JAPAN: A study group formed by the Ministry of Land, Infrastructure, Transport & Tourism has published its report into whether and to what extent rural railways across the country can be revived.
The First Study Group on Regional Mobility Regeneration through Railway Operator & Local Community Collaboration brought together academics, transport industry professionals and specialists in issues affecting rural communities. Its key proposals are:
- JR Group companies should endeavour to maintain their existing networks of passenger services. There should be no decisions to close a railway simply because it is unprofitable, or because the average number of passengers per day is lower than any pre-determined figure. This reconfirms the guidelines issued by MLITT in 2001;
- Overt recognition by policymakers and the rail sector that the environment in which local railways operate has changed significantly since the privatisation of JNR in April 1987, with rising private car ownership, improved road networks, rural depopulation and ageing populations outside the cities. The study group has concluded that in some specific cases of lines where there has been a drastic decrease in the average number of users, closure might have to be considered as an option;
- A statutory council be established to consider the future of those railways with an average of less than 2 000 passengers per day, half the ridership established in 1980 as the level below which closure could take place.
The group envisages that this council would only evaluate railways which pass through more than one municipality. It will not consider Third Sector railways, whose operation is in part the responsibility of prefectural and municipal authorities, or private operators. The futures of these lines are to be determined locally.
Routes carrying Limited Express as well as local services, those used by freight traffic, and lines which could be used as diversion routes for freight in the event of natural disasters and emergencies will also be excluded from the council’s remit.
However, the council would serve as a mechanism which will allow members of the JR Group to request legal consultation regarding those of its local lines which traverse two or more local authority areas.
Measures to drive recovery
The council is not there solely to advise whether or not a railway is to be closed. Its two main options are to advise on whether or not a line should be replaced by buses, or whether it would be viable to make further efforts to revive usage.
Under latter option, the study group has set out a number of possible interventions, including:
- Encouraging ridership increases by running more trains, improving rail connectivity, providing connecting road services, reviewing fare structures and promoting local leisure use of rail;
- Increasing revenue through the innovative use of rail vehicles, stations, station forecourts and other railway infrastructure;
- Reducing operating costs through technological innovation, such as the use of alternative traction or automated operation;
- Offering more transport-related services to travellers, for example by extending the validity of smartcards to cover more rural lines;
- Reducing operating costs by using ‘digital experience’ technologies such as Mobility-as-a-Service apps.
These interventions would be deployed for an initial trial period of up to three years, after which the local authorities would be left to decide on the longer term strategy for the route in question.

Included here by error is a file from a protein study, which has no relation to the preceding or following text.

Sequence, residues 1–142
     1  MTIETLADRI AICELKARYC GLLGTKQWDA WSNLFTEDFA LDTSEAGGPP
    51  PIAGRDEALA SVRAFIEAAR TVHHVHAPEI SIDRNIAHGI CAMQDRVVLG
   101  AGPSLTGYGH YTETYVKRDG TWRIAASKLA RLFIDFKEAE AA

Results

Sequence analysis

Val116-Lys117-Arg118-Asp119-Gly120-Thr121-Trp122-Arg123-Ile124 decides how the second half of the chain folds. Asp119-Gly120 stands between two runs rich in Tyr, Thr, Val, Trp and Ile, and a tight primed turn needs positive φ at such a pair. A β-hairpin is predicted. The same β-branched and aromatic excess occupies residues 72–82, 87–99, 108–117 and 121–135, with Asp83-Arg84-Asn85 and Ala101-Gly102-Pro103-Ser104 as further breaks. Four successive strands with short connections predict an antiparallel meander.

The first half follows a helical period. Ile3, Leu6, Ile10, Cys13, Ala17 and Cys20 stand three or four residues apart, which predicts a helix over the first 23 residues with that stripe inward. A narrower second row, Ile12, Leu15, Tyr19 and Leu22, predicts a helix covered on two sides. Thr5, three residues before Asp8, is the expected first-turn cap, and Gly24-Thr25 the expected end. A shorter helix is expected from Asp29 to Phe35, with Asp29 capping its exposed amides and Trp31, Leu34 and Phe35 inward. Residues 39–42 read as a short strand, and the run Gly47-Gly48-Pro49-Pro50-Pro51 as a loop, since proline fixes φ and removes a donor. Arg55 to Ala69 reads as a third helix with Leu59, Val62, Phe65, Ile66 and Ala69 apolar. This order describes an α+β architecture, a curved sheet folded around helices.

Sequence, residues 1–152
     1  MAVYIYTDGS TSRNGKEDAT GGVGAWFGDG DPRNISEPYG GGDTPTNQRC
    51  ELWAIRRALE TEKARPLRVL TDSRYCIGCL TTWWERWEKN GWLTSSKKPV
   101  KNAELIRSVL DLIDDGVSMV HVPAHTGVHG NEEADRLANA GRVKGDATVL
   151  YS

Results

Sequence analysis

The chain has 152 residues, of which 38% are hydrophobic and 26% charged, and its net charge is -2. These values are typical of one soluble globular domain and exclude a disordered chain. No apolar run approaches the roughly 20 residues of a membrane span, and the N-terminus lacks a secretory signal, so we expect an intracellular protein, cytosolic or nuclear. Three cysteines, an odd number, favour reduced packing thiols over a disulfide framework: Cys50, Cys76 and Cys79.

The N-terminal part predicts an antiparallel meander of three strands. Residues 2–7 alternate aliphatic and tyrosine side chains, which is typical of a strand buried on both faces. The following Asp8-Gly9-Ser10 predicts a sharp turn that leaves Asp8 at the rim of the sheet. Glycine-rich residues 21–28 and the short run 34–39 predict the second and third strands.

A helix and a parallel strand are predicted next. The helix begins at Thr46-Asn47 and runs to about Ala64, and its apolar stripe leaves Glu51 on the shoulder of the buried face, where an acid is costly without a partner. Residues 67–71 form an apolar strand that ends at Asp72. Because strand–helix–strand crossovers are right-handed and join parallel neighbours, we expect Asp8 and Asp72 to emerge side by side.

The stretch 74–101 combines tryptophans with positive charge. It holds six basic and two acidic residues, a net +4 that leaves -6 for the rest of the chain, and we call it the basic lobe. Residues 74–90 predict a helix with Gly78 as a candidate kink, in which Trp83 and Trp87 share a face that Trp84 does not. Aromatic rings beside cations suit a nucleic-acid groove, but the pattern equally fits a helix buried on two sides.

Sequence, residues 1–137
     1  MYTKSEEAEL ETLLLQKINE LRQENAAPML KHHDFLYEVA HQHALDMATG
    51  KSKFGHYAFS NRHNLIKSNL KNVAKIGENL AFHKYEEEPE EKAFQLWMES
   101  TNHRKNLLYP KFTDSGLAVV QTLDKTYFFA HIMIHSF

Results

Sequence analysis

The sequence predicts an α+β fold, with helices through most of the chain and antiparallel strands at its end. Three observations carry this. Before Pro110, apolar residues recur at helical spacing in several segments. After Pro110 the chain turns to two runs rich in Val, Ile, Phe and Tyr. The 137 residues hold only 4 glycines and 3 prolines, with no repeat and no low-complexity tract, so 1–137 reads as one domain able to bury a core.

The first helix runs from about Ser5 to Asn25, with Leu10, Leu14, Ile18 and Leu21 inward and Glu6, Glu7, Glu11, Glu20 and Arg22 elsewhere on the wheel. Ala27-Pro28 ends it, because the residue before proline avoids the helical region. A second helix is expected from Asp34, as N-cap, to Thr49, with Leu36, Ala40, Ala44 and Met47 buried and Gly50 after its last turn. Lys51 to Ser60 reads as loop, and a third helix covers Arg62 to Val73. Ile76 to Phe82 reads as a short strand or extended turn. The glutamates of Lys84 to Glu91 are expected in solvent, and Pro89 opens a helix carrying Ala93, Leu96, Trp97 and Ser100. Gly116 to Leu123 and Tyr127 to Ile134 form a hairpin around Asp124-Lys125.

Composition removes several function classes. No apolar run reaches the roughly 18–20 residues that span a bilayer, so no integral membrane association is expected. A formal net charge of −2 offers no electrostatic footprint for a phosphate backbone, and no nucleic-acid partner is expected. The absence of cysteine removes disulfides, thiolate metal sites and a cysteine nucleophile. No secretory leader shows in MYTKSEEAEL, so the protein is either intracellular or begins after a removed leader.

The study group has also insisted that the true value of retaining a railway, versus alternative public transport provision, must also be assessed.
Replacing a rail service with buses is difficult, its report says. There is a driver and vehicle shortage in Japan, and bus substitution often leads to a reduction in punctuality and increases in traffic congestion. If a railway runs through an area popular with tourists, this must be seen as a factor favouring its retention. However, where the average daily ridership is under 50, bus replacement is considered to be an easy option.
A decision to retain an uneconomic railway will prompt further financing measures, such as the possibility of implementing higher fares than the approved levels, subject to local authority agreement. Further extension of vertical separation of management and operation is to be explored, such as the transfer of infrastructure ownership to the prefecture.
The group says support should be given for purchase of more economical rolling stock, construction of new stations and the relocation of stations closer to centres of population, as well as driver-only operation, smart fare collection systems and lower-cost station management.
In general there will be an increased level of financial support from the national government. In the past, disaster recovery grants were used only to restore affected railways to their pre-existing condition, but in future these funds should be used to enhance the routes in question. There have already been some examples of this approach, notably the Hisatsu Line in Kyushu, which was severely damaged by floods between Yatsushiro and Hayato in July 2020.
Should passenger services be withdrawn, the JR Group operator will be obliged to ensure the provision of services an equivalent manner, a system described by the study group as ‘Specific BRT’. This would see the JR Group member railway heavily involved in BRT operations, ensuring intermodal connectivity, fare integration and punctuality.
The study group foresees a significant number of very lightly used railways being converted to bus rapid transit; according to MLITT, there are currently 122 lines with ridership lower than 1 000 passengers/day.